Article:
Drinking coffee has been linked to a reduced risk of all kinds of ailments, including Parkinson’s disease, melanoma, prostate cancer, even suicide.
Drinking coffee has been linked to a reduced risk of all kinds of ailments, including Parkinson’s disease, melanoma, prostate cancer, even suicide.
At locations across the country, there have been complaints about shortages of key ingredients for popular drinks, breakfast foods and even cups, lids and straws.
It’s rare that a truly new way to make coffee is invented, and nearly all of them have one thing in common: heat. After all, it’s hot water that quickly extracts flavor and body from grounds. But Osma, a new device using an entirely novel coffeemaking technique, makes a rich, strong espresso-like drink at any temperature, including icy cold — and it might be the next big thing in the industry.
Osma is the latest project from designer Joey Roth, who evolved from high-concept speaker tech to tea and coffee tech, and now has found a way to integrate these two disparate pursuits with a unique vibratory method of extraction. And although Roth has had several successes over the years, this could be his most valuable yet.
To see why, it helps to understand the way coffee is ordinarily made, which generally comes down to one of two things: soaking the grounds in hot water, or forcing it through the grounds under pressure.
In the first case, which includes drip and pourover, French press, and others, the heat of the water passively frees the oils and volatiles from the ground beans and then the solids, drained of flavor, are left behind through filtering.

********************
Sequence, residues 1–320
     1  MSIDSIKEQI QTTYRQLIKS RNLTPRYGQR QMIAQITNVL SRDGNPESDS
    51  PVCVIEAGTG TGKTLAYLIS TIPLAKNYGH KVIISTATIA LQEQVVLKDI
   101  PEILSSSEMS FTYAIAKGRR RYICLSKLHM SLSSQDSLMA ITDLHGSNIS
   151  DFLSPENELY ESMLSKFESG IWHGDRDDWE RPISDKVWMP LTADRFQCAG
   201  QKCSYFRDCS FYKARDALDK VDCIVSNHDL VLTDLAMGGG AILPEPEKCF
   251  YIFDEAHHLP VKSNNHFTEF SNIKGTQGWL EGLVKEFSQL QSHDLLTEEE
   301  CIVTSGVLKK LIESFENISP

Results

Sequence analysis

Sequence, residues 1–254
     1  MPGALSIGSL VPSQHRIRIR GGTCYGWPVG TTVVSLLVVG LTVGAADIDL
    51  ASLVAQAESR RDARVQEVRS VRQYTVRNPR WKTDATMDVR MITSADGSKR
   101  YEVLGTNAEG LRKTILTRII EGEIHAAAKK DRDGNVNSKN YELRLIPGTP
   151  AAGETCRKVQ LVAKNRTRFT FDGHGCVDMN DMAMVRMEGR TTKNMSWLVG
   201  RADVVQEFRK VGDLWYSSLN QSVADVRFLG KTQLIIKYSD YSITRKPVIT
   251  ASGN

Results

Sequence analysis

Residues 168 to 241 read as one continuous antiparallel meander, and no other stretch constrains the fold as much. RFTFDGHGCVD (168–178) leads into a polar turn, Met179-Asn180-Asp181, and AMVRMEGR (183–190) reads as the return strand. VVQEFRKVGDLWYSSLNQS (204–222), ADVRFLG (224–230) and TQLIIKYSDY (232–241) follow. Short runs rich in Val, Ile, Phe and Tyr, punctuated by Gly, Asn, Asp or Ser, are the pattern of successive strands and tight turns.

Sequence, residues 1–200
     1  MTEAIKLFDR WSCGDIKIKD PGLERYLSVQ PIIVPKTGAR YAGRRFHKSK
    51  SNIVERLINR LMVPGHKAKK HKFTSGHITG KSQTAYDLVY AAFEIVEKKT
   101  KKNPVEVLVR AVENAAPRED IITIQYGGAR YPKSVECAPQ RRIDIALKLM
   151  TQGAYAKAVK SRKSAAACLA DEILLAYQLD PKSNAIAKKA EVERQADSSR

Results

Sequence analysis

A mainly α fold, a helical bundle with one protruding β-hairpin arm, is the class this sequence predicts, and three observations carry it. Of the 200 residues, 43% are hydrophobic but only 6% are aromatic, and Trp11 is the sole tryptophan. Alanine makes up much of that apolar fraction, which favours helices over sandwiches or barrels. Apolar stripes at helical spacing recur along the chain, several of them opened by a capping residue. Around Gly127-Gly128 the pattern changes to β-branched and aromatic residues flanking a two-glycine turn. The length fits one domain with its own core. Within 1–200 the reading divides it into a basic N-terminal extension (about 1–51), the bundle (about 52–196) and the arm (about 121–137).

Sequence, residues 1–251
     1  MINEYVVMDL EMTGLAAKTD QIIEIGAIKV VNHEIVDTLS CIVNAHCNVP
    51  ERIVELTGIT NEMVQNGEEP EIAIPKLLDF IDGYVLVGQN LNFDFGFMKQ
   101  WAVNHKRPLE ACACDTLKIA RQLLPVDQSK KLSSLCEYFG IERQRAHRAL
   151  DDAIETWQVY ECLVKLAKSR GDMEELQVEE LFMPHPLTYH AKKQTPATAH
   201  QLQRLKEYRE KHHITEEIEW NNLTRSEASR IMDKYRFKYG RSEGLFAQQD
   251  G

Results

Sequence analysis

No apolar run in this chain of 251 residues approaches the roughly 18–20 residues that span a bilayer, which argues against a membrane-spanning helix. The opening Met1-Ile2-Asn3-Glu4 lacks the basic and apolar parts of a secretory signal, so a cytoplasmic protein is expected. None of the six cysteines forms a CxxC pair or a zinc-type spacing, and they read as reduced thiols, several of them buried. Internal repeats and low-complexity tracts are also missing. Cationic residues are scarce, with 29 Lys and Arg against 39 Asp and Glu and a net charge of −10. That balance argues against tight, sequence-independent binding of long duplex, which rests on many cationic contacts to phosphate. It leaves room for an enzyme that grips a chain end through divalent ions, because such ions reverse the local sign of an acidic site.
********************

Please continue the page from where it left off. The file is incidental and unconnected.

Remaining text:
The second case is espresso, in which the desired chemicals are extracted not just through heat but by the process of microcavitation. This is where the heat and pressure free CO2 from the grounds, forming tiny bubbles that quickly collapse, a process that leads to the flavor and aroma compounds being forced out as well.
Cold water can be used in the first method, with the advantage is that certain substances that would be destroyed by heat are retained, giving a different flavor profile. Unfortunately it can take hours or even days to brew to one’s preferred strength, and other desirable compounds degrade over that duration. And cold water can’t be used in the espresso process because steam is necessary to accomplish extraction.
Yet despite the inconvenience inherent to cold coffee, anyone who’s visited a café in the last decade can tell you it is enormously popular, year-round but especially in the summer. There’s endless appetite for the drink, even if all it amounts to is pouring hot coffee or espresso over ice. What if strong, delicious coffee could be made without heating it up, watering it down, or waiting for days? That’s the Osma proposition.
The Osma system is to my knowledge unlike any other brewing method. Essentially what it does is circulate water through the grounds continuously, while agitating them with a sort of standing pressure wave. It produces 8-12 ounces of a coffee that’s less concentrated than espresso, but not as mild as coldbrew, in about two minutes.